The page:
The hardest part of obedience is actually obeying.
Rocket science, right? There's something about stating the obvious that really makes me feel like I'm doing the world a favor. Some day I hope to win the world's most obvious writing award (if there is such a thing) for declarations that surprise no one.
But yeah, obedience is difficult. I think everything in society tells us that we shouldn't obey until something proves itself worthy of obedience. Basically, God should show His faithfulness to me by giving me the "end" I desire and then I might have enough justification to obey His commands.
The problem there is really in the premise. Based on the above argument, it's logical to assume that obedience should result in a destination. If A, then B, right? Maybe a few examples would help:
If I am good, I will receive a reward.
If I encourage others, I will receive encouragement in return.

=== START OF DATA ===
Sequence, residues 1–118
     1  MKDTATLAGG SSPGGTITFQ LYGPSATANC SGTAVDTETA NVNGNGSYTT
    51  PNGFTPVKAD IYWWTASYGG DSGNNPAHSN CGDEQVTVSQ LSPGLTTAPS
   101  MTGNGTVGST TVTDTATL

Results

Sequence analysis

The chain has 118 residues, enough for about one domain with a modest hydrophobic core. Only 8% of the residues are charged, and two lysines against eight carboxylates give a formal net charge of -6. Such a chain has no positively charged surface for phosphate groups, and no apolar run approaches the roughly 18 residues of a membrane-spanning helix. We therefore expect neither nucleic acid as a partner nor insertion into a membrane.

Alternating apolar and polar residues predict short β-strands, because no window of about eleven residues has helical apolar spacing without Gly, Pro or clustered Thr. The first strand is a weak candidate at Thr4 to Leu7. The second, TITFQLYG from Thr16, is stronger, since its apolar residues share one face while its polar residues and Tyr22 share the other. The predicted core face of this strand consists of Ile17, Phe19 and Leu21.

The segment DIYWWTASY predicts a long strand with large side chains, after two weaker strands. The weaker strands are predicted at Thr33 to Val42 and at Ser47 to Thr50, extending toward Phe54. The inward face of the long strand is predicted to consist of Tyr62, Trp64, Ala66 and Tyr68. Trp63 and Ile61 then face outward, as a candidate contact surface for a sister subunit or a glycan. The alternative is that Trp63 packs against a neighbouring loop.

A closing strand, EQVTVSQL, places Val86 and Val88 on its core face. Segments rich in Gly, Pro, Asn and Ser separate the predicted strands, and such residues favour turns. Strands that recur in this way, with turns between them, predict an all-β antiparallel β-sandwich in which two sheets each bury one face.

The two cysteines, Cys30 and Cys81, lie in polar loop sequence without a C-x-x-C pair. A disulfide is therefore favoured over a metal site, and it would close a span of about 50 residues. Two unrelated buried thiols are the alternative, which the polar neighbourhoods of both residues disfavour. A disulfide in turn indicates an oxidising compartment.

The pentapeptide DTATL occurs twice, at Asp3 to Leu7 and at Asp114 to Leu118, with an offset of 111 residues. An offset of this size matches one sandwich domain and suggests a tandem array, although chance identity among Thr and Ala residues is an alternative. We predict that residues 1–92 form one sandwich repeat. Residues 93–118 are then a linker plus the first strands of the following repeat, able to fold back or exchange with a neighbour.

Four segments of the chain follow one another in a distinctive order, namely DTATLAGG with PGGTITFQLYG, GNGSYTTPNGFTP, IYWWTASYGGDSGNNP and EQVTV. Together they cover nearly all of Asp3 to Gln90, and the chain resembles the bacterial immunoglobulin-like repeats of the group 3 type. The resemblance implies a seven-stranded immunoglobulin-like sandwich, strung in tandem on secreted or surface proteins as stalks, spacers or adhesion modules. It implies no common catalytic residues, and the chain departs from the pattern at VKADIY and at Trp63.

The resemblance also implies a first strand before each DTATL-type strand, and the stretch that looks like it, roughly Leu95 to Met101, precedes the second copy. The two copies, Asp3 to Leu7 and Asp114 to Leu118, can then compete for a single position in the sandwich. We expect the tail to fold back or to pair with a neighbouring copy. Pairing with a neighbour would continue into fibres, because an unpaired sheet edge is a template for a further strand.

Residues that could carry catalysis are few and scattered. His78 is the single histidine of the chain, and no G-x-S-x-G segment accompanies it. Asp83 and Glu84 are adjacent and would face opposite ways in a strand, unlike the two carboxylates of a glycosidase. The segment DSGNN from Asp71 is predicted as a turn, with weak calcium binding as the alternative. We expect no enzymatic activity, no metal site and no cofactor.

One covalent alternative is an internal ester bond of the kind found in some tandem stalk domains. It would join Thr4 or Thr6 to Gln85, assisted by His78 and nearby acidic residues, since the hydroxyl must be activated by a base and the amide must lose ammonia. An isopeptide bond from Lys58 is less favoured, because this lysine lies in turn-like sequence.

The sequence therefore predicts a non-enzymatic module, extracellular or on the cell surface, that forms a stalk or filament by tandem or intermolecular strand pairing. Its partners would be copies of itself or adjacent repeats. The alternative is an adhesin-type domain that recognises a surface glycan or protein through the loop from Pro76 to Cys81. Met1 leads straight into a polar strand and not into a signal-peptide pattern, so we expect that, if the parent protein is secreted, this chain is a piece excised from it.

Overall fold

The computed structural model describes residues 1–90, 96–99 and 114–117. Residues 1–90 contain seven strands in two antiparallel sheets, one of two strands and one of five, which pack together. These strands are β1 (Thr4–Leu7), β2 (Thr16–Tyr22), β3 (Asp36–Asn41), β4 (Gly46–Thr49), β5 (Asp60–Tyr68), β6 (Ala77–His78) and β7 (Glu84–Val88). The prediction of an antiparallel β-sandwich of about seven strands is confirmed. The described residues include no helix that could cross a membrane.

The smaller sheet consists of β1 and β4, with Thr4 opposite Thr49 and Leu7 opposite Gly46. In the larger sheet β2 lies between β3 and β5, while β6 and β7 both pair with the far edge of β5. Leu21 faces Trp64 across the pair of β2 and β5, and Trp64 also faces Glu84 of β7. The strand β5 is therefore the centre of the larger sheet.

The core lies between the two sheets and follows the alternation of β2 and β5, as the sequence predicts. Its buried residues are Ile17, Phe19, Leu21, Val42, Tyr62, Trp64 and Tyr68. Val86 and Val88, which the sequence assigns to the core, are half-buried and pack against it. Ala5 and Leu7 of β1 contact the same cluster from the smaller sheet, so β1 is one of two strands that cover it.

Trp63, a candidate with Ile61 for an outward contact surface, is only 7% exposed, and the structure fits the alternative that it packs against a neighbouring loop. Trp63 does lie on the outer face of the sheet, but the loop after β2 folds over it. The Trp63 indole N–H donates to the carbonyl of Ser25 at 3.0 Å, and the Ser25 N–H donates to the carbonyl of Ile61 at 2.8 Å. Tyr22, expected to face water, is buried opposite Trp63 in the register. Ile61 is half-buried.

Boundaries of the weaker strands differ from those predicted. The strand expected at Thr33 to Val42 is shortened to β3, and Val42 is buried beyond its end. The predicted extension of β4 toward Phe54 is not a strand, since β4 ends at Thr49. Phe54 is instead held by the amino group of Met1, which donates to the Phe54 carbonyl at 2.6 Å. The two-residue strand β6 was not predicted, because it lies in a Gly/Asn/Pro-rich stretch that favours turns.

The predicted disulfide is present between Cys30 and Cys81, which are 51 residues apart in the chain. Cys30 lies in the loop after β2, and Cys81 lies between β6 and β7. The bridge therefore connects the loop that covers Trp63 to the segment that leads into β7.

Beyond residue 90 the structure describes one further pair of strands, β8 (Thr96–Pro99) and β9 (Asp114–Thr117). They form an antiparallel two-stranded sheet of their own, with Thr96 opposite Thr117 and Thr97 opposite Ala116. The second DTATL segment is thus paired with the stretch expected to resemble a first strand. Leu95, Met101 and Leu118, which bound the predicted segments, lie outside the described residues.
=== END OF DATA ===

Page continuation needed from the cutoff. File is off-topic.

If I take joy in someone else's accomplishments, they will also take joy in mine.
But logic doesn't always work in this scenario. Obedience may clearly demand when the benefits remain a little cloudy, or are not immediately visible. (Obviously, there are eternal benefits. But don't tell me most people don't expect some sort of incentive for staying the course. I know better.)
Or maybe, like I said earlier, it's time to reform the premise. I keep believing there's a specific end to this journey. That obedience ultimately begets a reward greater than or equal to the successes/gifts others may receive. The real lesson, though, is that maybe, just maybe, obedience and total devotion are the destinations in this journey. They are the outcome instead of the means.
Or, if it's possible, they could be the means and the end.
What do you think?